Complete Project Gutenberg John Galsworthy Works eBook

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figure sitting there—­and be quite alone with possessions heaping up around him; to take no interest in anything because it had no future and must pass away from him to hands and mouths and eyes for whom he cared no jot!  No!  He would force it through now, and be free to marry, and have a son to care for him before he grew to be like the old old man his father, wistfully watching now his sweetbread, now his son.

In that mood he went up to bed.  But, lying warm between those fine linen sheets of Emily’s providing, he was visited by memories and torture.  Visions of Irene, almost the solid feeling of her body, beset him.  Why had he ever been fool enough to see her again, and let this flood back on him so that it was pain to think of her with that fellow—­that stealing fellow.

CHAPTER VI

A SUMMER DAY

His boy was seldom absent from Jolyon’s mind in the days which followed the first walk with Irene in Richmond Park.  No further news had come; enquiries at the War Office elicited nothing; nor could he expect to hear from June and Holly for three weeks at least.  In these days he felt how insufficient were his memories of Jolly, and what an amateur of a father he had been.  There was not a single memory in which anger played a part; not one reconciliation, because there had never been a rupture; nor one heart-to-heart confidence, not even when Jolly’s mother died.  Nothing but half-ironical affection.  He had been too afraid of committing himself in any direction, for fear of losing his liberty, or interfering with that of his boy.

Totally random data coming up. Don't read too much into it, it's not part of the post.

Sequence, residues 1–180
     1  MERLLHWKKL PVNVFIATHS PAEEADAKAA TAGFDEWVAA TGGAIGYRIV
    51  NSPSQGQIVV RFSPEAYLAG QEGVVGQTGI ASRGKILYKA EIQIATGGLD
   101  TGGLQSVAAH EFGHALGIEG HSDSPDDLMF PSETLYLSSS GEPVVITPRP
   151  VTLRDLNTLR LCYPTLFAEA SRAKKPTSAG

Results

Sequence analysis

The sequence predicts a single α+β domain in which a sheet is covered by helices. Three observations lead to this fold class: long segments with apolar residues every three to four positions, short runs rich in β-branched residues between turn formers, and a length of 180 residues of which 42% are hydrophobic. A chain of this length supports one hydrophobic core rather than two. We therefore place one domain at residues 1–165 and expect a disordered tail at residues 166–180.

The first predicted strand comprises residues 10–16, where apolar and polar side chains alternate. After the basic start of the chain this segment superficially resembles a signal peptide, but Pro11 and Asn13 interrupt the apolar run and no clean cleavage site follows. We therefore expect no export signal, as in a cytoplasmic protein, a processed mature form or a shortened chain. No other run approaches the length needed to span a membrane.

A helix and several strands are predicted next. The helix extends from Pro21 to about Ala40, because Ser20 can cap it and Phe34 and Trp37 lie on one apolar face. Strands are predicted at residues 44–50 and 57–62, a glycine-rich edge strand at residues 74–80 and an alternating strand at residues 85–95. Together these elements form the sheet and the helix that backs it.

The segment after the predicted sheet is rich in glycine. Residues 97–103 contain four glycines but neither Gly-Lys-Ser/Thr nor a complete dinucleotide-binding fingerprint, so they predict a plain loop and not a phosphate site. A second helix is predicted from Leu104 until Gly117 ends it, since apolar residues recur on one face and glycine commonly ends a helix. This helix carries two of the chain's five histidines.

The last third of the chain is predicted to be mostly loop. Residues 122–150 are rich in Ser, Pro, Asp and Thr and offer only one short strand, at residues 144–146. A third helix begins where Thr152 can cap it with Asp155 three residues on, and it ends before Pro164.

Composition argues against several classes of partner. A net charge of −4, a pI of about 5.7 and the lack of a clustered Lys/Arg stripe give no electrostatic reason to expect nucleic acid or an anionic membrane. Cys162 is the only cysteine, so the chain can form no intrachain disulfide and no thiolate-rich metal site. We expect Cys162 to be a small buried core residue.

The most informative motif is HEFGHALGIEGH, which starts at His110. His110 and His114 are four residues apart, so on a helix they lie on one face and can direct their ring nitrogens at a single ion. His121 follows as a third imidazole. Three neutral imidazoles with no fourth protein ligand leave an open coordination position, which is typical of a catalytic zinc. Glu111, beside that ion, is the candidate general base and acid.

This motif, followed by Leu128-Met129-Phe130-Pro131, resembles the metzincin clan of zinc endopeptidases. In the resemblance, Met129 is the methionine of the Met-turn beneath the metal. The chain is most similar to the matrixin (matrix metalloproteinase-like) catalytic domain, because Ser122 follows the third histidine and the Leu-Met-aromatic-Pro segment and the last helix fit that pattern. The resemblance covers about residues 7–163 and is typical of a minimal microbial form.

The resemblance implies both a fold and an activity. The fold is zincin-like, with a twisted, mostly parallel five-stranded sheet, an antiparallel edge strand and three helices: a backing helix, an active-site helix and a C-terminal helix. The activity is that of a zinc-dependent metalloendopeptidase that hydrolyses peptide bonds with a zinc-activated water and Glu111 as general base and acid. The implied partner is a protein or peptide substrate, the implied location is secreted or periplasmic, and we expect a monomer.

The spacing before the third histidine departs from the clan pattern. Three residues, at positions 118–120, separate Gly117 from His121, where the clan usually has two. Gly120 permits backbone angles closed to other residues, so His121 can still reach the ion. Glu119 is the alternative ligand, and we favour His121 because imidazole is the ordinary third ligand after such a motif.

Only in Irene’s presence had he relief, highly complicated by the ever-growing perception of how divided he was between her and his son.  With Jolly was bound up all that sense of continuity and social creed of which he had drunk deeply in his youth and again during his boy’s public school and varsity life—­all that sense of not going back on what father and son expected of each other.  With Irene was bound up all his delight in beauty and in Nature.  And he seemed to know less and less which was the stronger within him.  From such sentimental paralysis he was rudely awakened, however, one afternoon, just as he was starting off to Richmond, by a young man with a bicycle and a face oddly familiar, who came forward faintly smiling.

“Mr. Jolyon Forsyte?  Thank you!” Placing an envelope in Jolyon’s hand he wheeled off the path and rode away.  Bewildered, Jolyon opened it.

“Admiralty Probate and Divorce, Forsyte v.  Forsyte and Forsyte!”

A sensation of shame and disgust was followed by the instant reaction ‘Why, here’s the very thing you want, and you don’t like it!’ But she must have had one too; and he must go to her at once.  He turned things over as he went along.  It was an ironical business.  For, whatever the Scriptures said about the heart, it took more than mere longings to satisfy the law. 

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